Ferrans, Zenk get top honors at investiture ceremony
Carol Estwing Ferrans, PhD ’85, MS ’82, RN, FAAN, and Shannon Zenk, PhD, MS '99, MPH, RN, FAAN, formally took their places in two prestigious roles within the College of Nursing at an investiture ceremony on Thursday, Apr. 5.
Ferrans was invested as the Harriet H. Werley Endowed Chair in Nursing Research, the college's only endowed chair. Zenk was invested as Nursing Collegiate Professor, one of the college's highest honors.
Calling them “two of the most energetic and persistent nurse researchers I have ever known,” Dean Terri E. Weaver applauded the contributions of the two faculty members.
“Dr. Zenk and Dr. Ferrans, whose work is notable for the impact on communities, are living up to the promise of health research in truly extraordinary fashion,” she said. “I congratulate them on their lasting contributions to humanity and their places in the history of the UIC College of Nursing.”
The act of investiture, a revered academic tradition, was performed by UIC vice chancellor for health affairs, Dr. Robert Barish. Both faculty elicited standing ovations from about 80 colleagues, friends and family in the college's Third Floor Event Center.
Ferrans becomes third Werley Chair
Ferrans has made an "indelible footprint on the UIC College of Nursing, Illinois and the world," said Mariann Piano, PhD '88, MS '84, RN, FAAN, FAHA, Nancy & Hilliard Travis Professor of Nursing at Vanderbilt University, in her tribute address to Ferrans at the investiture.
Indeed, Ferrans' research on the disparity in breast cancer deaths between African Americans and Caucasian women—at one time the worst in the nation—led to legislation, new guidelines for breast cancer screening and a 35 percent reduction in that disparity.
Ferrans is also internationally known for developing the Ferrans and Powers Quality of Life Index, which has been translated into 21 languages to be used throughout the world to capture quality-of-life information from patients.
"There is no greater achievement than to have a research legacy that has truly impacted the lives of millions of people," Piano said, also applauding Ferrans' "immeasurable" impact as a mentor for students and faculty.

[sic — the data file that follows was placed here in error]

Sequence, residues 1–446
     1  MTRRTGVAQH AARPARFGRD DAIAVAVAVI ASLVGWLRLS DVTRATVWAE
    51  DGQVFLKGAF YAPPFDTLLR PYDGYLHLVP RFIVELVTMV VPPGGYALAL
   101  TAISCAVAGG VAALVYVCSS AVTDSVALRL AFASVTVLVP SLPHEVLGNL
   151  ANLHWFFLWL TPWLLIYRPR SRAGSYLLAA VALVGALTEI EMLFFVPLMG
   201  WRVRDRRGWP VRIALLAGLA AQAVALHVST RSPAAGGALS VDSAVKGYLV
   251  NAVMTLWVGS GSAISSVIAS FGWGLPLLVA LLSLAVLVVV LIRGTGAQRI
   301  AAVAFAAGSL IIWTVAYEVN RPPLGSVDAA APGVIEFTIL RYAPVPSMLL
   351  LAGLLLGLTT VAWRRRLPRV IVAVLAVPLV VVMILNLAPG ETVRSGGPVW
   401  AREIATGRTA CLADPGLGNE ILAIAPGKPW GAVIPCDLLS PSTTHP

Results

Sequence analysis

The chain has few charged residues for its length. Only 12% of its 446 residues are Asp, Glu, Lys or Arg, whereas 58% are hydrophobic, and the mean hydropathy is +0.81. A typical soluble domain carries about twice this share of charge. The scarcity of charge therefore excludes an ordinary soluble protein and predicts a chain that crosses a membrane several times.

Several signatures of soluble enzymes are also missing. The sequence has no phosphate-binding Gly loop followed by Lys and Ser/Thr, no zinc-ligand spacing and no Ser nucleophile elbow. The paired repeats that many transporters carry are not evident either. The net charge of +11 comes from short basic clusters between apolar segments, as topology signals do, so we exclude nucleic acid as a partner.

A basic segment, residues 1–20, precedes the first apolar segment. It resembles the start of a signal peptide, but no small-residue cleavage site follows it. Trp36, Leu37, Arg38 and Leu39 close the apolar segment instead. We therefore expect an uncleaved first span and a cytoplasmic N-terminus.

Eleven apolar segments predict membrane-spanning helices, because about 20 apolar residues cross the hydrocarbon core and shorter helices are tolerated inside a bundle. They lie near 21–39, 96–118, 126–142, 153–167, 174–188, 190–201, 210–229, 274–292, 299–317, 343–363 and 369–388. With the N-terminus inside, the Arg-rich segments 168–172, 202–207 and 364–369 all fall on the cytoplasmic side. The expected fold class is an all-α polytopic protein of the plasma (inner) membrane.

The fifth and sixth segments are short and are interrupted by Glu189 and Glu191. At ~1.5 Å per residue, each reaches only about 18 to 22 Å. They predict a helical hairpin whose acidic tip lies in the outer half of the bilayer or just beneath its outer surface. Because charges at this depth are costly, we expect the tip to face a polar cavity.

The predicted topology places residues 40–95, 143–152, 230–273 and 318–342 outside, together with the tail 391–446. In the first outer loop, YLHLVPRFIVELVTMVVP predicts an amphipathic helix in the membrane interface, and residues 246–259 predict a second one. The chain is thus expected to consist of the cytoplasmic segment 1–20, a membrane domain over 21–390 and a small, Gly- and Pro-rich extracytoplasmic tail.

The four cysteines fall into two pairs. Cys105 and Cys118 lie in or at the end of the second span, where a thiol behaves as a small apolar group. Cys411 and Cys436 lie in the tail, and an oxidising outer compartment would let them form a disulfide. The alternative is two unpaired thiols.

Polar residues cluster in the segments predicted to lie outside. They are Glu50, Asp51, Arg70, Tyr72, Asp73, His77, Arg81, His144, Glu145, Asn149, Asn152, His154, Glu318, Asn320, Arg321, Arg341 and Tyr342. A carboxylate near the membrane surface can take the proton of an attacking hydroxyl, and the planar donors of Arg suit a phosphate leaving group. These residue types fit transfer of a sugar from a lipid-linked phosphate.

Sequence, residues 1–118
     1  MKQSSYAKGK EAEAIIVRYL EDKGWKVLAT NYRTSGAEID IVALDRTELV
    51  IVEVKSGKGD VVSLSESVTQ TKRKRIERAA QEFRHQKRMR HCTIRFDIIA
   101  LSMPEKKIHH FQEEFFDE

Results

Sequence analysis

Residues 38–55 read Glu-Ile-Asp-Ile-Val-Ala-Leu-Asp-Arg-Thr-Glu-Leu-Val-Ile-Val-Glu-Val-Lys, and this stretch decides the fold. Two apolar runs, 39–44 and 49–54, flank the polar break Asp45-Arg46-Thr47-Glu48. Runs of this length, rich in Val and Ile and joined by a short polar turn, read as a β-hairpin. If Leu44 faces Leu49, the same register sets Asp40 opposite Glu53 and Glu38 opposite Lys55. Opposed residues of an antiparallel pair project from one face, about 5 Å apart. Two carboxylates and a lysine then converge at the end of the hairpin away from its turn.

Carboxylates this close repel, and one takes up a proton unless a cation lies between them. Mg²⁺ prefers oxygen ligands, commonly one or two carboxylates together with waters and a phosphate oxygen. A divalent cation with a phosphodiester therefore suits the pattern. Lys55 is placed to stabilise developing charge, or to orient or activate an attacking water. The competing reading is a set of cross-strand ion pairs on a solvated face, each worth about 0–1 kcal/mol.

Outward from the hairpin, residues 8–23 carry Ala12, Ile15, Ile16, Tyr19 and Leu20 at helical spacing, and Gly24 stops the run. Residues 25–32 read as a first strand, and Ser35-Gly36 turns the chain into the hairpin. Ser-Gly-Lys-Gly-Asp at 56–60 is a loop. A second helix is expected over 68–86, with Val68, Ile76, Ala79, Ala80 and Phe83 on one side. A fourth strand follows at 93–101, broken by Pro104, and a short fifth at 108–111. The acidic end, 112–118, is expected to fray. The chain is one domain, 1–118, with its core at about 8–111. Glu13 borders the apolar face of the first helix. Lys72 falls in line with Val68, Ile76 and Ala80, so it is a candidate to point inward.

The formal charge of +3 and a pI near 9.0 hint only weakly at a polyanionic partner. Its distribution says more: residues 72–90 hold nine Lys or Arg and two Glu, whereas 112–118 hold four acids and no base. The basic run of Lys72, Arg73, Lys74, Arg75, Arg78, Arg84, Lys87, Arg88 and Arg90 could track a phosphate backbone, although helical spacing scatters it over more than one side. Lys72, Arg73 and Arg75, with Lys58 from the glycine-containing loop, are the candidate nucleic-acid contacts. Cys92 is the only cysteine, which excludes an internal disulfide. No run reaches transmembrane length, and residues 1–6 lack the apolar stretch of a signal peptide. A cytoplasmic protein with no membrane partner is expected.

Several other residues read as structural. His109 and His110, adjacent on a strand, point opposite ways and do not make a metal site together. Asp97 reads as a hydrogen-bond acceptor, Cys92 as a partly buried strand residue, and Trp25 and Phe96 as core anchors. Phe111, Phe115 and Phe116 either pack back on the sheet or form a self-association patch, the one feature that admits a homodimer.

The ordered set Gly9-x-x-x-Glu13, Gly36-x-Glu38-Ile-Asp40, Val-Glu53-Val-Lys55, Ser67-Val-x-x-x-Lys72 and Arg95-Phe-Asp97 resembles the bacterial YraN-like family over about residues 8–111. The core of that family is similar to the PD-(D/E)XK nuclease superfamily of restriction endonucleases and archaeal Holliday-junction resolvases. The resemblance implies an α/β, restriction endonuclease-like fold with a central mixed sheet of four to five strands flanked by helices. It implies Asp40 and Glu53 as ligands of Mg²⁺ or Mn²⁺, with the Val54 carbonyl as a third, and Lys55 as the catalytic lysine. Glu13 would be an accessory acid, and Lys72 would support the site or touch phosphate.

“The breadth and depth of Dr. Ferrans’ scholarly contributions to nursing science are extraordinary," said Eileen Hacker, PhD '01, APRN, FAAN, a mentee of Ferrans in attendance who is now chair of the Department of Science of Nursing Care at Indiana University School of Nursing. "She gave voice to people suffering... . She opened doors for millions of people to receive timely cancer screening.”
Ferrans assumed the Werley Chair in the presence of Suzanne Feetham, PhD, RN, FAAN (pictured with Ferrans), the first to hold the post who, like Werley herself, went on to be named a "Living Legend" of the American Academy of Nursing.
"Dr. Ferrans epitomizes the vision of Dr. Harriet Werley," said Feetham. "The commitment to the next generation is key to both [of them].”
The UIC College of Nursing is home to the only endowed chair bearing the name of Harriet H. Werley, an honor of which the college is "exceedingly proud," noted Weaver.
"So firm was Dr. Werley's belief in UIC Nursing as the best place for researchers to experience the pinnacle of their careers," said Weaver, "that she made a seven-figure gift of permanent funding for them here, giving them the opportunity to wear her venerated name in their professional title."
Zenk, a most prolific researcher
In a tribute to Zenk, Richard Campbell, professor emeritus of the UIC School of Public Health and College of Liberal Arts and Sciences, lauded Zenk's "focus and drive" as she's forged a research path on food deserts.
Her research has shown that people who live in low-income and segregated neighborhoods lack access to healthy foods and suffer from lower dietary quality and higher weights, and she’s expanded her research to studies about pharmacy deserts, activity spaces and veterans.
"In almost 50 years of academic life, I can honestly say I've known few people who have been so accomplished or productive, particularly at such an early stage of their career," Campbell said.
Zenk, who has written 90 refereed papers and seven book chapters, is working on 10 active extramural grants worth some $16 million total funding.
“Her entire body of research looks for opportunities to influence environment and policy in a way that can reduce inequities based on race, ethnicity or socioeconomic status,” Barish said. “I can’t think of anything more worthwhile.”
View photos from the event.